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The Garden Of Forking Paths

It's like an 'executive summary' of complex histories and space, strewn with some remarkable insights

The Garden Of Forking Paths
The Garden Of Forking Paths
outlookindia.com
-0001-11-30T00:00:00+0553
Temptations Of The West: How To Be Modern In India, Pakistan And Beyond
By Pankaj Mishra
Picador Pages:439; Rs: 525
Reading Pankaj Mishra’s Temptations of the West is like undertaking one of those long journeys that the author himself probably likes to embark on. There are high roads, forking paths that branch out of the high road, culverts and the occasional cul de sac. The journey is not unpredictable even though it is uneven, because the surface you travel on has a consistent inconsistency—meaning that you get used to the potholes in time.

And just as a traversal of the landscape of the plains of northern India by road or rail can mean miles upon miles of monotonous dusty flatland punctuated by a sudden surprise, so too, trawling through Mishra’s book can be an experience in making one’s way through page after page of an ‘executive summary’ version of difficult and complex histories and spaces, and occasionally stumbling upon a well-honed, and even remarkable insight.

As a reader, I am beset by an ambivalence, sometimes grateful for the act of making the work of reading this book not dissimilar to ticking off items in a kind of mental checklist where familiar fact after familiar fact (the broad features of the Nehru-Gandhi version of nationalism, a primer of ‘What is Bollywood’, a short course on Nepali Maoism, violent/non-violent resistance in Tibet, and the sad history of Afghanistan) is presented as a kind of useful, portmanteau aide memoire for things that are not unknown in themselves, and at the same time slightly irritated about having to read them in what seems like a lifetime of explanatory op-edese.

The strange deja vu that this generates has an uncanny banality that is redeemed by the fact that Mishra is the kind of writer who does succeed, despite everything, in compelling you to want to listen to his internal conversation. He has important things to say, and even if the way he says it is laboured at times, you do end up wanting to be a patient listener.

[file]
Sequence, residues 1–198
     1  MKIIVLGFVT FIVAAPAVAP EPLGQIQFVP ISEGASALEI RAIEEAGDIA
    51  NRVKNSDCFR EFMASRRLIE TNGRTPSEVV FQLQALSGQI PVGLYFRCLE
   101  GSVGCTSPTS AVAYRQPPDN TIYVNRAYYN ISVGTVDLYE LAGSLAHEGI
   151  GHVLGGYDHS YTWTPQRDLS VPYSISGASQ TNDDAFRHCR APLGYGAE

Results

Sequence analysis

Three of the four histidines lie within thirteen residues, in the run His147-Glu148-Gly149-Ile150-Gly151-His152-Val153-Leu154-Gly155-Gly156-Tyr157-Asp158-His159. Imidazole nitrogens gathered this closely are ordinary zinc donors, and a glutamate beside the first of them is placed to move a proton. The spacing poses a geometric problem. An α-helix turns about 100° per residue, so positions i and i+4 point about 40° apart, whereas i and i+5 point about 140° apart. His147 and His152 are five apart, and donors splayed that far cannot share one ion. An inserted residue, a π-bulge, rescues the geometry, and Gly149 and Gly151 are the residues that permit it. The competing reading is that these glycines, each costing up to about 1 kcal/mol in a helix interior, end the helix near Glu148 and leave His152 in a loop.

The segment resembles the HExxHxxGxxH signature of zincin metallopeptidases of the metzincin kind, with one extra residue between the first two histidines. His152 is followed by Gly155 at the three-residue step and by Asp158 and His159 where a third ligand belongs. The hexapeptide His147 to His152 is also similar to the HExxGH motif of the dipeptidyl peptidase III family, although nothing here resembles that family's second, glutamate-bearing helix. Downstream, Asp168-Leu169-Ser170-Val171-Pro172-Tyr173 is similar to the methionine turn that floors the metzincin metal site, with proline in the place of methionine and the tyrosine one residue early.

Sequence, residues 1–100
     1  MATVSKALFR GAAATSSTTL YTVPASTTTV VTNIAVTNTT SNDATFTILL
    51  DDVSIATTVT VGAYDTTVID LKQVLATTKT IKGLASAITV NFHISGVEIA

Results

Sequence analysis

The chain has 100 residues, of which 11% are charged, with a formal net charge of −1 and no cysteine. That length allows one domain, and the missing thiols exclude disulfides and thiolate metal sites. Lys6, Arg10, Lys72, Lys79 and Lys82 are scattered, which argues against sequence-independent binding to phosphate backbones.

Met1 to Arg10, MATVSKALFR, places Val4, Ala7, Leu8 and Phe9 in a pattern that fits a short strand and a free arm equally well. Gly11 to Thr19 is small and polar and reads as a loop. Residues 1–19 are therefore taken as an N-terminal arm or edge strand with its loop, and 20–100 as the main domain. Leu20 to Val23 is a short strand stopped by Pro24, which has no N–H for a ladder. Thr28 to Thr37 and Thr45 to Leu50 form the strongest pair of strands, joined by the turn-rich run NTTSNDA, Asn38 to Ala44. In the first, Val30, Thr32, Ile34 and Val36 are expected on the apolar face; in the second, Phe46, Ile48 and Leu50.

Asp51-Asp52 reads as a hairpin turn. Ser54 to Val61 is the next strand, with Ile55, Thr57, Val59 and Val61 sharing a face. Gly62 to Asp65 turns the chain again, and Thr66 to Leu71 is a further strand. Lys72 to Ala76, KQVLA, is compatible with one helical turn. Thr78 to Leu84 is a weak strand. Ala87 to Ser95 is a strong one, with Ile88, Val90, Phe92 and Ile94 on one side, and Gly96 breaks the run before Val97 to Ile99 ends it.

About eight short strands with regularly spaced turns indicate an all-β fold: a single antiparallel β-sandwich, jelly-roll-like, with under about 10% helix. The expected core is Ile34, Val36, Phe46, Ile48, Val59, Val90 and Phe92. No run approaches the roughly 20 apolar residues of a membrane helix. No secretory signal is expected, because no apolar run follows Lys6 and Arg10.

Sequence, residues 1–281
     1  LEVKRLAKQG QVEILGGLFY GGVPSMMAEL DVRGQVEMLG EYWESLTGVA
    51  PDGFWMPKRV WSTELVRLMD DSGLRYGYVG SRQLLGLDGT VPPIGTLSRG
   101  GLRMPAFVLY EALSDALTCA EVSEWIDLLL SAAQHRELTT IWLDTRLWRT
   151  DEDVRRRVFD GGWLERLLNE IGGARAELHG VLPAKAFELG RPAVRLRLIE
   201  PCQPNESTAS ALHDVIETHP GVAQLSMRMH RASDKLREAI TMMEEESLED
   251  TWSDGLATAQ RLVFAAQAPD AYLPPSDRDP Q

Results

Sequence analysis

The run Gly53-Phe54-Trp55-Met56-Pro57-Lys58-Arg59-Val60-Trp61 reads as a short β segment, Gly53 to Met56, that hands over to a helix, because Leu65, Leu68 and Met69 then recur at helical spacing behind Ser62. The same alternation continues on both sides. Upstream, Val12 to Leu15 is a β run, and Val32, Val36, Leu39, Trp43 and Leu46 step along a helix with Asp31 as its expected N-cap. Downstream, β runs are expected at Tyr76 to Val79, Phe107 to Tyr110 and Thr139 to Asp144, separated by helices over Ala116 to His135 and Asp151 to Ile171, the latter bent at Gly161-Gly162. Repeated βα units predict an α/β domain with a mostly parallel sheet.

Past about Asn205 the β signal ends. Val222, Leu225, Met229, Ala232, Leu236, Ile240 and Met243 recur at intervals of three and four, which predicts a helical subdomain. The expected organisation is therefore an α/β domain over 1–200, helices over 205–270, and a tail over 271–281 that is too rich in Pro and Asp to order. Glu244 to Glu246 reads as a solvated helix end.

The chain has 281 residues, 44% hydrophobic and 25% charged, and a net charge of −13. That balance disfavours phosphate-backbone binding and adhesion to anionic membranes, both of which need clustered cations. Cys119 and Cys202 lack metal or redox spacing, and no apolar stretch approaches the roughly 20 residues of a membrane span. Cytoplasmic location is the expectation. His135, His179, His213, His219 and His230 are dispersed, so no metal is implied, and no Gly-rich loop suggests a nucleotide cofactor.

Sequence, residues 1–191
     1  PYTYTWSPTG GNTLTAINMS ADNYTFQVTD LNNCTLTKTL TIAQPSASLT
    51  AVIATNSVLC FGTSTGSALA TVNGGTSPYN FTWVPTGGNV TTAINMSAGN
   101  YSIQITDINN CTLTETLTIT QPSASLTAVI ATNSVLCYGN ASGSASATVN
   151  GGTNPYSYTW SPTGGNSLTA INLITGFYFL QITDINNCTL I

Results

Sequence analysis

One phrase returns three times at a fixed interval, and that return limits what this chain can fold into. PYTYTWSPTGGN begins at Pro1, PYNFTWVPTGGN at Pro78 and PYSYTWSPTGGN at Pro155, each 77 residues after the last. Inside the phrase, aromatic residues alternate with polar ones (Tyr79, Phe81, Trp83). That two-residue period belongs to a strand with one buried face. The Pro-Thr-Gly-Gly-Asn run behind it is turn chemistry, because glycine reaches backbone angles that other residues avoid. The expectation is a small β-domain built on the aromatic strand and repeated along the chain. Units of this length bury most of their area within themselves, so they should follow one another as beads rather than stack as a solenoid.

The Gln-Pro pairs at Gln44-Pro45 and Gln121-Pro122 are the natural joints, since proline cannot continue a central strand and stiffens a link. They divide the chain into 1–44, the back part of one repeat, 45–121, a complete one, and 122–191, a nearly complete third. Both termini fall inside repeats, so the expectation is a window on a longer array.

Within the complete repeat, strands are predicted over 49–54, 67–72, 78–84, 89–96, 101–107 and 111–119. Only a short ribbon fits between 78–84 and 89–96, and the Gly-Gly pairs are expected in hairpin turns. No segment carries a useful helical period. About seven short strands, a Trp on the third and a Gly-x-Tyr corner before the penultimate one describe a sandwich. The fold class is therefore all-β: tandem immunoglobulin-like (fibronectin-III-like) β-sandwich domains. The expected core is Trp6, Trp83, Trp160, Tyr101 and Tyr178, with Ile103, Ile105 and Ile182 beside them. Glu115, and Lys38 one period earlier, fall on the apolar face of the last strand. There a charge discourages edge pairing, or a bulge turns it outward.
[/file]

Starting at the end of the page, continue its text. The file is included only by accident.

And you feel like doing this because sometimes Mishra breaks through his carefully cultivated veneer of deadpan maturity to offer us a glimpse of the subjective charge latent in a remarkable encounter. The first essay in the book—‘Benaras: Learning to Read’ is especially memorable in the way it introduces us to the brutal lassitude of an upper India university milieu, the author as a young auto-didact, and the poignant image it offers of a thug with an inquisitive mind in the person of Rajesh, the hired hitman who befriends the writer and doubles as a sensitive conversational literary critic. The same semi-detached sympathy is evident in Mishra’s foray into the Bombay film industry, where his regard for and distance from what he portrays, be it a queue of aspiring actors outside Mahesh Bhatt’s office or Mallika Sherawat, never actually slips into condescension.

Similarly, all the pedantic editorialising of ‘Pakistan: Jihad Globalised’ is worth the while because of the complexity that Mishra presents in his portrait of Jamal, the sometime Bangladeshi military adventurer-turned-liberal Pakistani journalist-turned-imprisoned heroin addict, accused tangentially of blasphemy, who epitomises the way in which the cruel history of our subcontinent forsakes those who cannot be boxed and frozen into neat categories. In Jamal we can find an archetype, drawn with sympathy and economy, of the person who persistently does not belong.

Mishra falters when he attempts to investigate what appears to be familiar to him. Allahabad, his home town, probably one of the most interesting mofussil towns in Northern India, home to Firaq Gorakhpuri and birthplace of India’s only serious rock music journal, is drawn primarily in terms of the banality of nationalist and electoral politics. At the same time, he excels when it comes to an area where he finds himself making discoveries, as is the case in his provocative and thoughtful essay on Kashmir, ‘Kashmir: The Cost of Nationalism’, which expands on his excellent investigation of the Chitsinghpura massacre and its aftermath. In this essay, Mishra unravels the tragedy of a massacre, an aftermath of torture and forensic subterfuge, and the brutality of the Indian state’s occupation of Kashmir in a way that also enables him to critically examine his own assumptions about faith, identity and nationalism.

Listening to Mishra’s reasoned but passionately critical voice enables you to think through the tragic price we all pay for everything that happens in the name of nationalism. This essay should be compulsory reading for our generation, and is reason enough to acquire and keep this book.

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